Japan’s Biggest Threats Aren’t China And North Korea, But A Challenging Issue Within Its Own Army

Japan’s dwindling birthrate has now become a security threat as the Self Defense Forces (SDF) face challenges to recruit personnel for the air, maritime, and land forces.

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The official cadets that are mostly high school students serve fixed years ranging from two to three that make up the largest group of recruits in the forces. With fewer students admitting to school every year, it has become challenging to reach target recruitment.

The three SDF branches are struggling to reach the cadet recruitment targets for the last six years, reported Nikkei Asia. It added that in 2019 the Maritime SDF and Air SDF were about 10% short of their targets and in the fiscal year 2018, the SDF as a whole achieved only 70% of its recruitment target.

“It is important to secure the [targeted] number of recruits,” a Defense Ministry recruitment official told Nikkei Asia, “but we cannot substantially lower the criteria for admission. It is difficult to secure both quality and quantity.” The officer added that the number of applicants remains higher, but all of them do not have the requisite aptitude.

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Japan’s active military strength currently stands at around 2,47,000 compared to China’s 21,83,000 and North Korea’s 12,80,000 — far lower than its adversaries, according to Global Firepower. However, it has well allied with the US that has the largest number of active military troops in the world.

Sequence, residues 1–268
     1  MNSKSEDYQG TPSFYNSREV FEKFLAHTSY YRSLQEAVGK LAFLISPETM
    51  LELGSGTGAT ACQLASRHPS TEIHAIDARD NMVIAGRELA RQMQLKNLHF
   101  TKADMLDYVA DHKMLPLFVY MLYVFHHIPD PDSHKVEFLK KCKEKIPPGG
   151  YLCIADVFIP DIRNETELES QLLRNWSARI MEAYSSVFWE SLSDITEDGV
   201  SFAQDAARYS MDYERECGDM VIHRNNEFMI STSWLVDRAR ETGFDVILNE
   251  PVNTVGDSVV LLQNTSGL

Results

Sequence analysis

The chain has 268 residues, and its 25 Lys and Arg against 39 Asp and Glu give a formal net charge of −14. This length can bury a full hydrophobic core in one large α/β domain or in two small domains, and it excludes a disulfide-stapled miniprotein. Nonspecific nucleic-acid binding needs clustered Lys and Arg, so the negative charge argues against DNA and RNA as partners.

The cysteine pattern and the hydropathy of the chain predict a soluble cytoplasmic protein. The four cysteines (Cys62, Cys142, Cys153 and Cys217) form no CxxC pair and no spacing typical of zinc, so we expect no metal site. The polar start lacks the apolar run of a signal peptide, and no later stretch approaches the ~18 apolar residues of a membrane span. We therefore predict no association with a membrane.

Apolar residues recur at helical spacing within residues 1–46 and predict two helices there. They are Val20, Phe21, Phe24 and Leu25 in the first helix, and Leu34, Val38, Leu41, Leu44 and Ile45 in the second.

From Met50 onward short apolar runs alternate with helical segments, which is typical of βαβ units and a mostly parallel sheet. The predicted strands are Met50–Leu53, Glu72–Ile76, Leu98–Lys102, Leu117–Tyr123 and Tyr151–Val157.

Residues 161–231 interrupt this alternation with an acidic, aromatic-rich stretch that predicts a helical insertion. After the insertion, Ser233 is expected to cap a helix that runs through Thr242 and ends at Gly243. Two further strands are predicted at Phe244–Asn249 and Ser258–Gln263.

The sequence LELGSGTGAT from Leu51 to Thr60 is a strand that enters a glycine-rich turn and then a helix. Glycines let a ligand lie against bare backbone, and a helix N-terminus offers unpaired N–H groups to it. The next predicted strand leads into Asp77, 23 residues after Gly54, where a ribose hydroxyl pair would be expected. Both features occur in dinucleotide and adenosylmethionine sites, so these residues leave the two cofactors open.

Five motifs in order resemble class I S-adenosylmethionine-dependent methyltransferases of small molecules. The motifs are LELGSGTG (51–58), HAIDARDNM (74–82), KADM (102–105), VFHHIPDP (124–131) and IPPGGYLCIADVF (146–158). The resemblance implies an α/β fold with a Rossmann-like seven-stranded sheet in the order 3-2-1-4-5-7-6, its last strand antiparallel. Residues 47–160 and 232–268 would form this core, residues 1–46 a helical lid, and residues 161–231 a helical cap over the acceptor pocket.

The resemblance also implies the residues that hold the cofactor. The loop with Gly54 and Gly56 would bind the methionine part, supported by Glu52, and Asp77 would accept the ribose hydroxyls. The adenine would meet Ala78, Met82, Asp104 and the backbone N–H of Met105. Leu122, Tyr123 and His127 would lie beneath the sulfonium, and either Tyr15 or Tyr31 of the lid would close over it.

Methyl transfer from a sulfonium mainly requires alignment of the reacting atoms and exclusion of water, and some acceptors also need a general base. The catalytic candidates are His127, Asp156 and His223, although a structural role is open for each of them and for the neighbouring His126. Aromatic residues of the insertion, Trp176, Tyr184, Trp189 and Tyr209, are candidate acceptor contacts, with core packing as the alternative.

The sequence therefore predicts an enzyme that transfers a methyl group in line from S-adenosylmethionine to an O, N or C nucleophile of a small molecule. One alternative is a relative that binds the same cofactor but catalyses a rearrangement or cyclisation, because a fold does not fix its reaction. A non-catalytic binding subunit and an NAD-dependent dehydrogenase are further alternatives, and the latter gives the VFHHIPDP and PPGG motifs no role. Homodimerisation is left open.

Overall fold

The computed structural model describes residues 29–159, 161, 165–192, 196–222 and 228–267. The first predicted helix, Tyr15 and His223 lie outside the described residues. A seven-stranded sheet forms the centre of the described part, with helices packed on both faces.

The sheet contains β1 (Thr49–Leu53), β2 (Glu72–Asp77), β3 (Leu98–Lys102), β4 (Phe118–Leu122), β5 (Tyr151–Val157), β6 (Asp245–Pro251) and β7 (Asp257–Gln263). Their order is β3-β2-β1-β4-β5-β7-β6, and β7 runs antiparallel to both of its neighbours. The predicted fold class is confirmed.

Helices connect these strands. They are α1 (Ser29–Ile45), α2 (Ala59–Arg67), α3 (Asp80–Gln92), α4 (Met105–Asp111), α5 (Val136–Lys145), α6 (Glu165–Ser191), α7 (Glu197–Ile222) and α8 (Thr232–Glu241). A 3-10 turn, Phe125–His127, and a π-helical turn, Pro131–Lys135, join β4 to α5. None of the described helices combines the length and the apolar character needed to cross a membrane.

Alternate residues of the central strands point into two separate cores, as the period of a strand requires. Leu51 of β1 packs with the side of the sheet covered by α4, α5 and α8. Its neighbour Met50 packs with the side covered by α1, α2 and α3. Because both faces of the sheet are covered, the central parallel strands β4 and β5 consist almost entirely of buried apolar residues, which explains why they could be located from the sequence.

Earlier, Japan’s Ministry of Defense issued a request for a record-breaking $55-billion military budget for the fiscal year 2021. It is eight percent higher than the previous year’s budget marking an eighth consecutive year for an increase in the defense spending for the country.

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While Japan plans to acquire more sophisticated military equipment like Lockheed Martin’s F-35 Joint Strike Fighters and counter-drone capabilities, its personnel requirement isn’t being met.

Japan’s total population shrank by a record 500,000 compared to the previous year, according to an Internal Affairs Ministry survey. It is the biggest drop since 1968 and is only expected to get worse in the coming years.